“Papa,” she said, kissing him softly, “day is dawning.”
But the captain never moved nor spoke. And then Harriet Hunsden knew the everlasting day had dawned for him.
THE DEAD MAN’S SECRET.
It was a very stately ceremonial that which passed through the gates of Hunsden Hall, to lay Harold Godfrey Hunsden’s ashes with those of many scores of Hunsdens who had gone before.
The heir at law—–an impoverished London swell—was there in sables and sweeping hat-band, exulting inwardly that the old chap had gone at last, and “the king had got his own again.”
Sir Everard Kingsland was there, conspicuous and interesting in his new capacity of betrothed to the dead man’s daughter.
And the dead man’s daughter herself, in trailing crape and sables, deathly pale and still, was likewise there, cold and rigid almost as the corpse itself.
For she had never shed a tear since that awful moment when, with a wild, wailing cry of orphanage, she had flung herself down on the dead breast as the new day dawned.
The day of the funeral was one of ghostly gloom. The November wind swept icily over the sea with a dreary wail of winter; the cold rain beat its melancholy drip, drip; sky and earth and sea were all blurred in a clammy mist.
White and wild, Harriet Hunsden hung on her lover’s arm while the Reverend Cyrus Green solemnly read the touching burial service, and Harold Hunsden was laid to sleep the everlasting sleep.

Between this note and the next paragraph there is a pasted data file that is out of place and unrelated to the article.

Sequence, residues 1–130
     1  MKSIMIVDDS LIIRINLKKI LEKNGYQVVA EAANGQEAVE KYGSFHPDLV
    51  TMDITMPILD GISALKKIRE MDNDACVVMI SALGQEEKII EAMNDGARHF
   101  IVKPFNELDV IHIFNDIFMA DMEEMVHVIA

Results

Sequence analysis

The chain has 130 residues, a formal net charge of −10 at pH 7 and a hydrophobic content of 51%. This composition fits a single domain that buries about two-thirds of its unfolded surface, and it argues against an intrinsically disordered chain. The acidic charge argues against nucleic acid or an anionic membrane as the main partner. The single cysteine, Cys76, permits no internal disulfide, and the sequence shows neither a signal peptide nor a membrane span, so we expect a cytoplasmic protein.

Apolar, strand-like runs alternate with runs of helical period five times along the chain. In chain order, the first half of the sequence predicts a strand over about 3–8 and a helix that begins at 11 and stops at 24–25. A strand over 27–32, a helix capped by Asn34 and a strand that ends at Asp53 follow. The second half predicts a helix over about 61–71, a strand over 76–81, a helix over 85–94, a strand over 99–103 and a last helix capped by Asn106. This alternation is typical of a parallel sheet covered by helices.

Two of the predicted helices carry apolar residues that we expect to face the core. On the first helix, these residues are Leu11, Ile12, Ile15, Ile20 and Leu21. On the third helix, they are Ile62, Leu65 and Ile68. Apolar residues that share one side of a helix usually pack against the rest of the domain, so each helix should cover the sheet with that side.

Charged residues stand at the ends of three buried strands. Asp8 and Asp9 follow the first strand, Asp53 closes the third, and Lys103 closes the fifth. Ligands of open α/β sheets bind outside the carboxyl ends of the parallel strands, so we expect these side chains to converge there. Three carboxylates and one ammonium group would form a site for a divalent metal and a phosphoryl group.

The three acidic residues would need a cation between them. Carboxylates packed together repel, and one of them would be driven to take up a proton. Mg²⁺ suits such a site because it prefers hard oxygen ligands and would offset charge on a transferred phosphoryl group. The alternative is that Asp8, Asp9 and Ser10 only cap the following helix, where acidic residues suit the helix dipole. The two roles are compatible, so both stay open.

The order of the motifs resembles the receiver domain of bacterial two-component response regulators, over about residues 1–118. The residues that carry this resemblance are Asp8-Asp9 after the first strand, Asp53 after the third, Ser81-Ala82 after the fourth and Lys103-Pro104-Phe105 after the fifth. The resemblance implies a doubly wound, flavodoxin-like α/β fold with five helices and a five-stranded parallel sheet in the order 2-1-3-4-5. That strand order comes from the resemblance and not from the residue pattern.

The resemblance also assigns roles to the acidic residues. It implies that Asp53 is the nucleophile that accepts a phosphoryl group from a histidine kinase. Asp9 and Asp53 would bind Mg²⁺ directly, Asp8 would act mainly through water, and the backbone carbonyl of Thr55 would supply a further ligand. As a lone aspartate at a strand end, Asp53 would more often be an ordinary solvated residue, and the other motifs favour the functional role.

And then she was going back to the desolate old home—oh, so horribly desolate now! She looked at his empty chamber, at his vacant chair, at his forsaken bed. Her face worked; with a long, anguished cry she flung herself on her lover’s breast and wept the rushing, passionate tears of seventeen that keep youthful hearts from breaking.
He held her there as reverently, as tenderly as that dead father might have done, letting her cry her fill, smoothing the glossy hair, kissing the slender hands, calling her by names never to be forgotten.
“My darling—my darling! my bride—my wife!”
She lifted her face at last and looked at him as she never had looked at mortal man before. In that moment he had his infinite reward. She loved him as only these strong-hearted, passionate women can love—once and forever.
“Love me, Everard,” she whispered, holding him close. “I have no one in the world now but you.”
* * * * *
That night Harrie Hunsden left the old home forever. The Reverend Cyrus drove her to the rectory in the rainy twilight, and still her lover sat by her side, as it was his blissful privilege to sit. She clung to him now, in her new desolation, as she might never have learned to cling in happier times.
The rector’s wife received the young girl with open arms, and embraced her with motherly heartiness.